Depression and Addiction - Pinelands Recovery
May 29, 2019

Depression and Addiction

Depression and Addiction’s Dangerous Cycle

Every now and then, people experience the blues. After a stressful day at work, relationship issues or a traumatic experience it is normal for people to feel a little bit down for a period of time. However, depression is a very different thing. According to the American Psychiatric Association, depression is a common and serious medical illness that negatively affects how you feel, the way you think and how you act. Depression causes feelings of sadness and/or a loss of interest in activities once enjoyed. It can lead to a variety of emotional and physical problems and can decrease a person’s ability to function at work and at home. In addition, depression and addiction often go hand-in-hand.

How Depression and Addiction are Linked

Many people who are suffering from this may turn to substance abuse in order to numb their feelings of depression. Drinking alcohol or taking drugs may help someone temporarily experience feelings of euphoria, however, the feeling doesn’t last long. The depression that comes back to follow is worse than before, resulting in heavier substance use to numb it.

The more substance you use, the higher your tolerance becomes. The higher your tolerance becomes, the more severe your addiction will be – and ultimately – the worse your depression becomes. This results in a dangerous, uncontrollable cycle that can lead to overdose or death.

Signs of Depression

Symptoms of depression can range from mild to extremely severe and debilitating. Symptoms must last at least two weeks for a diagnosis. There are many medical conditions that can mimic symptoms of depression, so it is important to rule these out first.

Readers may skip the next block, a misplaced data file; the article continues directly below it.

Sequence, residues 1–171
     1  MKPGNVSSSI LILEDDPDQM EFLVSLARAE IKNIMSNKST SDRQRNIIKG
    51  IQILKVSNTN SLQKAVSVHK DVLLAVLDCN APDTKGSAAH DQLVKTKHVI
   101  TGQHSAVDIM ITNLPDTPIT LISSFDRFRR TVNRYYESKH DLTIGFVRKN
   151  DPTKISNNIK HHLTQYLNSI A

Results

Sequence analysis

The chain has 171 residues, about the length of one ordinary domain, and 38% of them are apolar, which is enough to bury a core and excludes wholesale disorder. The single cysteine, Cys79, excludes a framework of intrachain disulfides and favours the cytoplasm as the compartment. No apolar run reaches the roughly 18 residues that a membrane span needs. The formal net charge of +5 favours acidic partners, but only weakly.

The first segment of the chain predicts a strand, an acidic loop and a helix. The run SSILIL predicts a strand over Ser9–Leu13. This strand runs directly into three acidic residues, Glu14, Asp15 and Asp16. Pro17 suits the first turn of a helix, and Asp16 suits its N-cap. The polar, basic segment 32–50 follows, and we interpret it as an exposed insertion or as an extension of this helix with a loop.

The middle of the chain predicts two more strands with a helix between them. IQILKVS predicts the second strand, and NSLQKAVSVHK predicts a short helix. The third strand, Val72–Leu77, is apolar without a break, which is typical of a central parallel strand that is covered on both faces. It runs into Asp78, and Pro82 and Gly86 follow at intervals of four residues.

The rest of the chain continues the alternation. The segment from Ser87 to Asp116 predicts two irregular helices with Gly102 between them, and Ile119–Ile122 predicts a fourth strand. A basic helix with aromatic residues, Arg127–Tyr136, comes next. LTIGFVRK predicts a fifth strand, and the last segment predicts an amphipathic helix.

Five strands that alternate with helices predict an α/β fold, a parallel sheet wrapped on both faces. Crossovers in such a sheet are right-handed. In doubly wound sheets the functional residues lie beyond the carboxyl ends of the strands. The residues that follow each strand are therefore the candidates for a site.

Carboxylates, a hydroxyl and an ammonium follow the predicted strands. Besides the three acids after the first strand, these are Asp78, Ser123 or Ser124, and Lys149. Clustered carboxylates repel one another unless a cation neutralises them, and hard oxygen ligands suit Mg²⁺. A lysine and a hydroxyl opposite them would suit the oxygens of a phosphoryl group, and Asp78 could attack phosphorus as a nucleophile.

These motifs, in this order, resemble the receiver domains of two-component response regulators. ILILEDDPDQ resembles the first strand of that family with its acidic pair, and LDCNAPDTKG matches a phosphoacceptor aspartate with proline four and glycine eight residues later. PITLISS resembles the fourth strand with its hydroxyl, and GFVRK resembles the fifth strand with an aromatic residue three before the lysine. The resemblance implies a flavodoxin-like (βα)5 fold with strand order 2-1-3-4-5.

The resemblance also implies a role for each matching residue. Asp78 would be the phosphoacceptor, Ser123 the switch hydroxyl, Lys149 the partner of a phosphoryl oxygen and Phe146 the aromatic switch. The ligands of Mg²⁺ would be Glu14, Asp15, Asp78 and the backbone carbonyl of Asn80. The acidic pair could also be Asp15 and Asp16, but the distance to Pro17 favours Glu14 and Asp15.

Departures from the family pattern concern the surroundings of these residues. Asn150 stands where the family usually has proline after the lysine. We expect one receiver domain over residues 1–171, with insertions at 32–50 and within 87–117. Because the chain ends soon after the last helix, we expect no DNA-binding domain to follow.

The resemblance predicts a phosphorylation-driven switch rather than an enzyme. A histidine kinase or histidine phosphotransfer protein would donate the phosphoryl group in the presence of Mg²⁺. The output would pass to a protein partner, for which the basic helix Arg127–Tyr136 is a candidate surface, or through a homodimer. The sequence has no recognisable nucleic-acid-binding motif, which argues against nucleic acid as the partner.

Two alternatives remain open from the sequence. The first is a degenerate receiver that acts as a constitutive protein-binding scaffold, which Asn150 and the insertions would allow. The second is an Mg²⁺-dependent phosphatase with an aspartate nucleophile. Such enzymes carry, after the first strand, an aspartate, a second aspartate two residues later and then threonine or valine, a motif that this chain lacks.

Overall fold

• Feeling sad
  • Feeling worthless
  • Difficulty making decisions
  • Feeling guilty
  • Difficulty concentrating
  • Loss of interest in activities once enjoyed
  • Changes in appetite
  • Changes in sleeping patterns
  • Insomnia
  • Fatigue
  • Increase in inadvertent physical activity, such as hand-wringing or pacing
  • Thoughts of death or suicide

Signs of Addiction

If you think you have become addicted to a substance as a result of your depression, ask yourself the following questions:

  • Are you unable to slow, or control, your use of substances?
  • Do you experience cravings or feel the need to use in order to feel normal?
  • Have you suffered any negative consequences, such as loss of a job or relationship, due to your addiction?
  • Do you use at inappropriate times of the day, such as in the morning or while working?
  • Over time, have you found yourself needing more and more of a substance to create a high?
  • Have people in your life begun expressing concern over your use, physical appearance, change in social circle or noticed a change in your priorities?

Answering yes to any of the above questions means that you are suffering from an addiction and a substance abuse disorder. Getting help now is essential so that your addiction does not get any worse. The more severe the addiction is, the lower the chances are for long term recovery. It becomes more and more difficult to stay sober as time goes on. It also becomes more and more difficult to handle the symptoms of worsening depression as time goes on. The time to stop this dangerous cycle is now.